Well I’ve recovered enough from Murder in the Market to share with you a few more stories of our Shanghai adventure.
A couple of street food stand-outs on Linfen Road: a husband and wife team making crepe sandwiches on what looked to be the lid of a trash can. I know it wasn’t but it did look like it. The wife sat at a metal drum that had charcoals burning underneath (I guess that’s what’s known as a “stove” on the streets). She spread a very thin mixture of quinoa flour, soy flour and wheat flour onto the hot metal lid and then the husband leaned in and cracked an egg in the middle. The wife then spread the egg to cover the whole thin crepe. She added cilantro, scallions, pickled veggies and then quickly scraped back and forth underneath to separate the crepe from the lid. She folded it in half into a half moon and added some kind of chutney and a chile paste, and spread that out too. Then the husband put a large dried wonton cracker in the middle of it. She crunched it up, rolled the crepe up and cut the whole thing in half. He bagged the two halves and took the money. And she started all over.
They had a real machine going there and people were lined up to get these things. People were complaining because the line was too long and some disgruntled customers even left. Susan described it as starch and starch- as if we were to eat a potato bread sandwich but that didn’t stop her from tasting it and loving it! I think that may have been something like her fifth or sixth breakfast out of our promised “ten Shanghai breakfasts” and she was still going strong.
In one of the next stalls Susan got the chance to actually make the Youtiao that we had tasted early that morning. She had a blast, although I don’t think her first attempt was all that successful. The customer refused the one Susan made and wanted one from the owner. Further down there was a man making thin wonton skins over small metal barrels.
At that point, after my horrible market moment, I was wandering around the crowded streets wondering why I had agreed to this godforsaken trip in the first place and being confronted at every turn with some horrible sight that made me whimper “I just want to go home.”
In Mandarin, “hello” is “ni hau” and “thank you” is “shea-shea.” I had been practicing “zi chien” (goodbye) since I got to Shanghai. The only thing that changed my mind was the Jewish Museum.
During World War II, when the Nazis were murdering millions of Jews all over Eastern and Western Europe, one of the only countries (including, ashamedly, the U.S.) that would accept refugee Jews trying to flee was…you guessed it, China. Almost 30,000 Jews escaped to Shanghai and were forced, by the Japanese occupiers, to live in a ghetto in a poor neighborhood called Hongkou. They worked, played and socialized amongst the people of Shanghai who were amazingly accepting and showed an incredible lack of bigotry. So many Jewish bakeries, delicatessens, dance halls, and cafes were opened in Hongkou that the area, at the time, was nicknamed “Little Vienna.”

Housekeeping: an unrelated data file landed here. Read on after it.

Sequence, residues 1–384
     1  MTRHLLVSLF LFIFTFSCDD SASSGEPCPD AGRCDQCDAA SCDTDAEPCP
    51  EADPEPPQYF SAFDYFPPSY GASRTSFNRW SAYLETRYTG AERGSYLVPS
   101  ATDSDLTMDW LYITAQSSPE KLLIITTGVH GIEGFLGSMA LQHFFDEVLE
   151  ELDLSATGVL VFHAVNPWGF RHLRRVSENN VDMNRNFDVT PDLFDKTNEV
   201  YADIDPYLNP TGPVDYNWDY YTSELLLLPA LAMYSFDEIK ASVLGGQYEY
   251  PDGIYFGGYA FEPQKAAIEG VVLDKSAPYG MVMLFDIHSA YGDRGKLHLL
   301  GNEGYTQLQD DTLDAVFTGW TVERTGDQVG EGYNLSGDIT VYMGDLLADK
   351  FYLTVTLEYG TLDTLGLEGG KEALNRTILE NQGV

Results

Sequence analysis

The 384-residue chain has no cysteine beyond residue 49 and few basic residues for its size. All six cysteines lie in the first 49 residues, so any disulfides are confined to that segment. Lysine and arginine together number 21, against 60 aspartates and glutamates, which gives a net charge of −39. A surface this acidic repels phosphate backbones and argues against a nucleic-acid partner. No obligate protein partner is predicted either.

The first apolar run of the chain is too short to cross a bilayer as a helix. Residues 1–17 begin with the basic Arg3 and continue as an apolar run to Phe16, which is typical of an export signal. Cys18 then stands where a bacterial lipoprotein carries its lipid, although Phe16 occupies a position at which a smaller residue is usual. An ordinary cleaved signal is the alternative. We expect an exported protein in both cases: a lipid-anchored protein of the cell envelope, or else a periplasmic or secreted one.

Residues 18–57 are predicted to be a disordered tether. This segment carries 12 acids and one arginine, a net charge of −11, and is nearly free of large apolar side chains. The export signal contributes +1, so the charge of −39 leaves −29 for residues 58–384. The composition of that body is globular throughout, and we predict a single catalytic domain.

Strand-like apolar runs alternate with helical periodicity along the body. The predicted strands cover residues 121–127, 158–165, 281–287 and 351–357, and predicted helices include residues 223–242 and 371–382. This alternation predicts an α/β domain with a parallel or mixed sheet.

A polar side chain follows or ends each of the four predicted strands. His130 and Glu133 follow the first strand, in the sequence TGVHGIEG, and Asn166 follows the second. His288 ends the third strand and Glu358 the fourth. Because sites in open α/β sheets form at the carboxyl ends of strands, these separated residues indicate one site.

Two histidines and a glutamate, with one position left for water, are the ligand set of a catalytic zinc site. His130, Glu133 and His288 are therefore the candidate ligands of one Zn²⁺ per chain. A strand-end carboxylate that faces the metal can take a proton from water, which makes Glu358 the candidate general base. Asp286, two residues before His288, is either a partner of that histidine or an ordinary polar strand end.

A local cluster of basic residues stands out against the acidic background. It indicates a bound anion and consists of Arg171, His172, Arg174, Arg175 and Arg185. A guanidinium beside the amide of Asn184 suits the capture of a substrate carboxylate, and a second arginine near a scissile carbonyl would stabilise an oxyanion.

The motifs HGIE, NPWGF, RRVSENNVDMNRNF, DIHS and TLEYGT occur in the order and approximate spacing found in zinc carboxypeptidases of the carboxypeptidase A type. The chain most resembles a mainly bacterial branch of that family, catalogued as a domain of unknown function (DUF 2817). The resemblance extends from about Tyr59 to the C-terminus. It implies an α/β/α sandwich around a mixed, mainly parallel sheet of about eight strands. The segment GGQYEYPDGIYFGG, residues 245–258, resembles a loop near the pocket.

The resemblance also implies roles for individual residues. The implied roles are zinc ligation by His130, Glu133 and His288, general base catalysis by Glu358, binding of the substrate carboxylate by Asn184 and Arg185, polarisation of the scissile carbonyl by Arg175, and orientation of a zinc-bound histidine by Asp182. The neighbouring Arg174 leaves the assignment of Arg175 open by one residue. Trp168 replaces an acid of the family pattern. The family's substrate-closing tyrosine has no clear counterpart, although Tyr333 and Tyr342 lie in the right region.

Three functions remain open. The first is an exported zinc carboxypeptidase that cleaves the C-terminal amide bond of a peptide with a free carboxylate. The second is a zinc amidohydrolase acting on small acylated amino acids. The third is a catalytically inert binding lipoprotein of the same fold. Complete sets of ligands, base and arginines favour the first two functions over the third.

I had read about this phenomenon and wanted to see the area for myself.
The old synagogue is now a museum that has collected stories, pictures and interviews of people who were here then. It was incredibly moving to read their stories; people escaping the holocaust and starting all over and raising their children in Shanghai for years. There were a number of interviews of adults who as children were raised amongst the Chinese. Many of them married Chinese people and recently there was a Shanghai reunion of a large number of the people who are still alive and remember those years.
The artist Peter Max was raised in Shanghai from the age of 3 to 14 and credits his Chinese nanny with teaching him to draw.When the Cultural Revolution took place all the Jews left and went to places like America, Israel, some back to Europe, etc.
I was moved by the strength of the Chinese people who were suffering under their own Japanese occupation yet still welcomed these Jewish refugees. I was filled with respect, gratitude and yes, love for these people. So even though they still cook on trashcans and still hang their laundry on the street and kill their food with their bare hands… I love Shanghai.
zi chien, China!
A few parting shots: